Helen Odom





Interviewer: Miss Irene Robertson

Person interviewed: Helen Odom and mother, Sarah Odom

Biscoe, Arkansas

Age: 30?





"Great-grandmother was part African, Indian, and Caucasian. She had two

girls before slavery ended by her own master--Master Temple. He was also

Caucasian (white). She was cook and housemaid at his home. He was a

bachelor. Grandmother's name was Rachael and her sister's name was

Gilly. Before freedom Master Temple had another wife. By her he had one

boy and two girls. He never had a Caucasian wife. In fact he was always

a bachelor. Grandmother was a field hand and so was her sister, Gilly.



"But after freedom grandmother married a Union soldier. His took-on name

was George Washington Tomb. He was generally called Parson Tomb

(preacher). He met Grandmother Rachael in Arkansas.



"When Master Temple died his nearest relative was Jim McNeilly. He made

a will leaving everything he possessed to Master McNeilly. The estate

had to be settled, so he brought the two sisters to Little Rock we think

to be sold. They rode horseback and walked and brought wagons with

bedding and provisions to camp along the road. The blankets were frozen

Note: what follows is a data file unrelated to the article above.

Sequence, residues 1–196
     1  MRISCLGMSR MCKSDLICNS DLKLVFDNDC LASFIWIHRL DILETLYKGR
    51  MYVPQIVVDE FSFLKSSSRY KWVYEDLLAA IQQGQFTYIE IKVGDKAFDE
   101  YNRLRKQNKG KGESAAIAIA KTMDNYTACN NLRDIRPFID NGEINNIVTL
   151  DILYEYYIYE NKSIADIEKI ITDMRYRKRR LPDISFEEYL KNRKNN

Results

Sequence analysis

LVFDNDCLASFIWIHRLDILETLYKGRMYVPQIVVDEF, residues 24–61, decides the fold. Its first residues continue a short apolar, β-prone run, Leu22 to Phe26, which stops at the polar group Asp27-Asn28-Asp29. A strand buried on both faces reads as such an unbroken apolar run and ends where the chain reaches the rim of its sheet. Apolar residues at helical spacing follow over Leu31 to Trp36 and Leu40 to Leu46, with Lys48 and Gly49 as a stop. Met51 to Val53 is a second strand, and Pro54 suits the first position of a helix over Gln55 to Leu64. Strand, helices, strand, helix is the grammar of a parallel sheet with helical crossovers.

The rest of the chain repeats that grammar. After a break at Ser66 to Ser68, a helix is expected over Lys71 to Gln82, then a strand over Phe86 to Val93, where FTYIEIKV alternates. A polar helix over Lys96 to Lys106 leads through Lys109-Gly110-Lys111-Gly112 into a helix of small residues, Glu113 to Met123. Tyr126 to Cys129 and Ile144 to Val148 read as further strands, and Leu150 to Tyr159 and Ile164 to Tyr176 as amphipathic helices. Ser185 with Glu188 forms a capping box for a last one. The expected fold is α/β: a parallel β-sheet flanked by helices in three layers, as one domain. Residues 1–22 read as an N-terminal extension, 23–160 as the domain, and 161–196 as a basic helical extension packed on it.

and stood alone. It was so cold. Grandmother was put up on the block to

be auctioned off and freedom was declared! Aunt Gilly never got to the

block. Grandmother married and was separated from her sister.



"Whether the other three children were brought to Arkansas then I don't

know but this I know that they went by the name McNeilly. They changed

their names or it was done for them. They are all dead now and my own

mother is the only one now living. Their names were John, Tom, and

Netline. Mother says they were sold to Johnson, and went by that name

too as much as McNeilly. They remained with Johnson till freedom, in

Tennessee.



"My mother's name is Sarah.



"They seem to think they were treated good till Master Temple died. They

nearly froze coming to Arkansas to be sold.



"I heard this told over and over so many, many times before grandmother

died. Seemed it was the greatest event of her life. She told other

smaller things I can't remember to tell with sense at all. Nothing so

important as her master and own father's death and being sold.



"Times are good, very good with me. Our African race is advancing with

the times."





Interviewer's Comment



Teacher in Biscoe school. Father was a graduate doctor of medicine and

in about 1907, '08, '09 school director at Biscoe.





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